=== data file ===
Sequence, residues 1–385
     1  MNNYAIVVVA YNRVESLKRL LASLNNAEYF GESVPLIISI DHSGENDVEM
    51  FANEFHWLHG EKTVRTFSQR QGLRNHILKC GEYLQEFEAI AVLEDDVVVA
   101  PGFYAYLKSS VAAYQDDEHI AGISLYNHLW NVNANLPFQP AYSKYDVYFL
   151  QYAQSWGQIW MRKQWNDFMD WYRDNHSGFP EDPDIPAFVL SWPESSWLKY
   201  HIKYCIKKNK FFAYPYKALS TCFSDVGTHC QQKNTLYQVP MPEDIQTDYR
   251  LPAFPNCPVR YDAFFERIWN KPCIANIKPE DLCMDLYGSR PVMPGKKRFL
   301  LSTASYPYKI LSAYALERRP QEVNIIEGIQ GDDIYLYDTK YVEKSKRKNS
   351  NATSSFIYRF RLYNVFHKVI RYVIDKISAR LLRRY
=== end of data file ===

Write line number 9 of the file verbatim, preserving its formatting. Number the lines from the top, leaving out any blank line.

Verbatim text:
   351  NATSSFIYRF RLYNVFHKVI RYVIDKISAR LLRRY